I would say that this macro has moderate usability. If you need a dashboard model fast, you can create a pivot table, run this macro, and voila! You’ve got yourself a set of formulas that can be moved, copied, and adjusted to create an interactive reporting model pretty quickly.

Convert Regular PivotTables to GETPIVOTDATA Formulas – PART 2

Last week, I embarked on a journey to see if I could build a macro to automatically convert a regular pivot table to formulas; similar to the way you can convert an OLAP pivot table to CUBE formulas. I was able to create a macro that outputs hardcoded GETPIVOTDATA formulas for the target pivot table.

In this post, I’ll show you a macro that improves the output to include cell references instead of hard-coded values. With this macro, you can point to a pivot table and fire the code to get a new sheet with a formula driven version of the pivot. Read more

Convert Regular PivotTables to GETPIVOTDATA Formulas – PART 1

One of the cool things about PowerPivot and other OLAP pivot tables is that you can convert the entire pivot table into a series of CUBE formulas. With just a single click, Excel will replace your PivotTable with formulas that call back to the Data Model. Converting your pivot tables into formulas basically gives you a pivot table that can be taken apart. You can do things like insert rows and columns, add your own calculations between data items, combine the data with other data on a dashboard, and you can modify the report in all sorts of ways by simply moving the formulas around. Read more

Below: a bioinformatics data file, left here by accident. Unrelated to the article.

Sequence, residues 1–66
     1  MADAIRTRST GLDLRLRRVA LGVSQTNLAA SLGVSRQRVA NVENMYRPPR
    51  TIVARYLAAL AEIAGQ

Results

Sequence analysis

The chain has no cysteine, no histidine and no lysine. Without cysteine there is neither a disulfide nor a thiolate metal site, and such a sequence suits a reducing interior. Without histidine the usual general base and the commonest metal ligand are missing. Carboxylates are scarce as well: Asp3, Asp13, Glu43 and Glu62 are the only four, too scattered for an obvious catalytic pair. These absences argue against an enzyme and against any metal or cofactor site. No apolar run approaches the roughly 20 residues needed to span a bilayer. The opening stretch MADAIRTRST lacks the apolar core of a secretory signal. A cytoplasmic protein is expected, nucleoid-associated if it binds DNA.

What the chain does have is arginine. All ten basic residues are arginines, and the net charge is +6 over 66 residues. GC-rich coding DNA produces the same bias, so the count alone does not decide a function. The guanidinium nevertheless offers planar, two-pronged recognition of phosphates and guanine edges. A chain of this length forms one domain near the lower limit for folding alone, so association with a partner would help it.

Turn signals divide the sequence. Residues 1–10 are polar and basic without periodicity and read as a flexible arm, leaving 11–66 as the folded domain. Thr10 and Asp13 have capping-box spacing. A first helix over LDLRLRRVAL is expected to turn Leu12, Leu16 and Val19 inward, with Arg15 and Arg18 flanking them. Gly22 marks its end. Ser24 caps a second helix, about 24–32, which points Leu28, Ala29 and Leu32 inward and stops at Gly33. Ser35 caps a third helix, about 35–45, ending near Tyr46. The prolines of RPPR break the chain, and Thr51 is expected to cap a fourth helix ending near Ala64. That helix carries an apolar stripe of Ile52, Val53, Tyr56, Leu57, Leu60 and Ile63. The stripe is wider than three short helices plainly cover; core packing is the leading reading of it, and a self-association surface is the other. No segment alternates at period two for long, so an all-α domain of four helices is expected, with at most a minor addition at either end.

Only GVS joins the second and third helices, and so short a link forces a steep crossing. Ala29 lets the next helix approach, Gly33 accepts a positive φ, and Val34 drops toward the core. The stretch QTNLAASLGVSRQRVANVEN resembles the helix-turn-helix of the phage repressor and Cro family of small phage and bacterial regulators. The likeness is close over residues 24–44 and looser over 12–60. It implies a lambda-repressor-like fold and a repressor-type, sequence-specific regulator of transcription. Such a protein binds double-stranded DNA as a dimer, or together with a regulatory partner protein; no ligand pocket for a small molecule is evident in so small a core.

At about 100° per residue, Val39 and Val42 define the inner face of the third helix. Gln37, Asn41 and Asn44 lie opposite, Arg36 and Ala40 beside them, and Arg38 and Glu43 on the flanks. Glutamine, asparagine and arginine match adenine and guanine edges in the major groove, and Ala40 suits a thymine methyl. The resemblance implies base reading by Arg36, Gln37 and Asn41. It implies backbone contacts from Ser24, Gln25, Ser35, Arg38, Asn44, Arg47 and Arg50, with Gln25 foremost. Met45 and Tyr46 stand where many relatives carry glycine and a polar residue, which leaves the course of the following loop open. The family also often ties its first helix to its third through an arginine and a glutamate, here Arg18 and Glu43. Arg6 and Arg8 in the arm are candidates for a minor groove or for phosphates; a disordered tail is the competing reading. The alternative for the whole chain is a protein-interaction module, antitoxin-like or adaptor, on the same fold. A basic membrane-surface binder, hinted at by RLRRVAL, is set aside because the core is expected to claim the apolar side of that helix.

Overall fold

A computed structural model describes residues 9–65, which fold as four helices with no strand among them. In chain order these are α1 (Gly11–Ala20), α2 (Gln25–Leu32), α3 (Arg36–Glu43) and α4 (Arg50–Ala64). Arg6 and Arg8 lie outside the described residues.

Excel 2016 Function Changes

Hi there! I know it’s been a while since my last post. I’ve been updating several books for the Office 2016 release. I thought I’d pop up and provide at least a glimmer of useful info. I’ll attempt to get back to regular blogging in the upcoming weeks.

Since I’m knee-deep in updating content on formulas, I’d like to share a few Function changes (as far as I can tell) introduced with Excel 2016.

New Excel Functions in 2016

As far as I can tell, only 5 new functions will be introduced in Excel 2016.

These forecasting functions are no doubt included as a necessary part of the new Forecast Sheet functionality.

You’ll find these functions in the Statistical formula category. Read more

Understanding Office 365 Plans

To my dismay, I’m constantly being asked which version of Office 365 is the best for Excel analysts. Like everyone else, I typically provide a semi-vague answer which was most certainly pulled from some website somewhere. Well, I recently stumbled on this nifty TechNet site that outlines the differences between the various versions of Office 365.